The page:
India Court Denies Request to Modify Ban on Sex-Selection Abortions

International   |   Steven Ertelt   |   Sep 13, 2007   |   9:00AM   |   WASHINGTON, DC

India Court Denies Request to Modify Ban on Sex-Selection Abortions Email this article
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by Steven Ertelt Editor
September 13, 2007

Bombay, India ( — A court in India has denied a legal request to change the nation’s current law that bans the performance of sex-selection abortions. The Asian nation has the statute in place because the abortions have decimated its population of girls and caused numerous social problems stemming from the gender imbalance.

The law includes a ban on pre-natal sex-selection, a process parents might use to try to determine the sex of their unborn child.

Vinod and Kirti Sharma filed a lawsuit claiming the law is biased and that parents of more than one child should be able to use the process to have a baby of the sex they desire.

But the court ruled the pre-natal component of the sex-selection abortion ban should stay in place because determining a baby’s sex beforehand would amount to an abortion by preventing the birth of more girl babies.

“Sex selection is not only against the spirit of the Indian Constitution, it also insults and humiliates womanhood. It violates a woman’s right to life," the court ruled, according to the OneWorld South Asia news service.

"This is perhaps the greatest argument in favor of the ban on pre-natal sex-determination tests in India," the court added in dismissing the case.

That the parents would try to get the ban altered is no surprise given the cultural mores of the country.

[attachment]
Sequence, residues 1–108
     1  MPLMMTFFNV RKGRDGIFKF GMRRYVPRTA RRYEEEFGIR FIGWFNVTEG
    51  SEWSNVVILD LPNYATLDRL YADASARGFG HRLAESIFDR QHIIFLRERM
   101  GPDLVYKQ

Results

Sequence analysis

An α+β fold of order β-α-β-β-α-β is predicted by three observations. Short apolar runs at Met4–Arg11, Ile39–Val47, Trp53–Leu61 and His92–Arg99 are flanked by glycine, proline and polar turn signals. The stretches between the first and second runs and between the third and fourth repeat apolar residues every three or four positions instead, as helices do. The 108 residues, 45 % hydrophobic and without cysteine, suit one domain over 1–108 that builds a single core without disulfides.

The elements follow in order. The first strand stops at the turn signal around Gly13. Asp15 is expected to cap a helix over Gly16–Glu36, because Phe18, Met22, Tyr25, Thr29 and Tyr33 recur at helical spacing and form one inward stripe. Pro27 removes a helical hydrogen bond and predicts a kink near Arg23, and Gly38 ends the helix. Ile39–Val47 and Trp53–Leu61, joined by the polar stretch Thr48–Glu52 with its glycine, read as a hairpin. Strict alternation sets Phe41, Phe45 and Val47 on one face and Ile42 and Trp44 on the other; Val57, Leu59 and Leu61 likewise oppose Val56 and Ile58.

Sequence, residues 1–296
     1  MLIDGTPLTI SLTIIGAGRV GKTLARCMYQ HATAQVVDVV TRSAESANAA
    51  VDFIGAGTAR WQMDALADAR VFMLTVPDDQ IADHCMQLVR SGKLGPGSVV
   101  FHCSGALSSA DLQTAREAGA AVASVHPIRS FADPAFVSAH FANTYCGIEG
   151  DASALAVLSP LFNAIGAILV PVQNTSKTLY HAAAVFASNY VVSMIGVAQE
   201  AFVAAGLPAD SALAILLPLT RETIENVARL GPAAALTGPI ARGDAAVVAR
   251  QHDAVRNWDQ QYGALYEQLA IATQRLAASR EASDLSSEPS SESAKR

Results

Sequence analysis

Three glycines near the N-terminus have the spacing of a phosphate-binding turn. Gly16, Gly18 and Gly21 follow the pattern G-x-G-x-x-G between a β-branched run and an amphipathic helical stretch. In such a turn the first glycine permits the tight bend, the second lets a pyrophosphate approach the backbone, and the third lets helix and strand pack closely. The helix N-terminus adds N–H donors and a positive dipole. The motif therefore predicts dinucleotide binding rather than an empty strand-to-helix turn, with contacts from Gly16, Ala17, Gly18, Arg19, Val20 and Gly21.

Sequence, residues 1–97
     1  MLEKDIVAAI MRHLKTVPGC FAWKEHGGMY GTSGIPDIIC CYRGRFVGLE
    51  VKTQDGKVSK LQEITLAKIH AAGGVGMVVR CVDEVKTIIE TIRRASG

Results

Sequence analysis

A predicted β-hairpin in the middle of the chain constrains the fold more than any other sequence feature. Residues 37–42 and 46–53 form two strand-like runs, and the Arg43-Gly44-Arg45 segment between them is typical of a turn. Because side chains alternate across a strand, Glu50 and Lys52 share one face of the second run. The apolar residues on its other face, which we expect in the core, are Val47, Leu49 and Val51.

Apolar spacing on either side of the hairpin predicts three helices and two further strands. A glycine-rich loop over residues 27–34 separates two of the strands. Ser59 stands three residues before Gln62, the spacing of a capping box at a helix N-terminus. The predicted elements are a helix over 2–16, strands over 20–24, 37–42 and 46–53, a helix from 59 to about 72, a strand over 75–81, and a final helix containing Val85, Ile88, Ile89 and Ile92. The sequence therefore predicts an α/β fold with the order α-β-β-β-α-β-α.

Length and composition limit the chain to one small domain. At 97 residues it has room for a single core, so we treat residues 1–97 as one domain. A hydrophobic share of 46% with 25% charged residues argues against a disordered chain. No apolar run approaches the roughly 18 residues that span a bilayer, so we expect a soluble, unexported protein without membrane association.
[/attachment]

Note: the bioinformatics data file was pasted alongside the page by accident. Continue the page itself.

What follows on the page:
Female children are seen in many tribal areas as a hindrance and many girl babies are simply taken to remote areas and left to die. Boys are also traditionally preferred in many areas of the country as the main workers in the family and because parents often have to pay large dowries to marry off daughters.

Last December, a new report by UNICEF indicated 7,000 fewer female babies are born every day because parents can determine the sex of their unborn baby and kill her before birth. In 80 percent of India’s districts, a higher percentage of boys are born now than a decade ago.

The ban also makes it illegal to use an ultrasound machine for anything other than medical purposes. As a result, simply showing the gender of the unborn child is wrong, because it can lead to abortions and infanticides.

The report cites the increased availability of cheap ultrasound technology as playing a role despite attempts by the India government to crack down on its use.

UNICEF says the resulting gender imbalance from sex selection abortions is particularly prevalent in the wealthier regions of the nation where access to the ultrasound technology easier.

UNICEF based the findings on Indian census data and they follow a report in early 2006 from the British medical journal Lancet, which estimated that 10 million baby girls have probably been aborted in the last 20 years.

The results show that a 1994 law prohibiting the use of ultrasounds to determine the sex of a baby for non-medical reasons is not working, even though the Indian government has announced several recent arrests in a renew effort to enforce the law.

Some Indian states such as Punjab and Haryana face male-female ratios as low as 799 girls born for every 1,000 boys.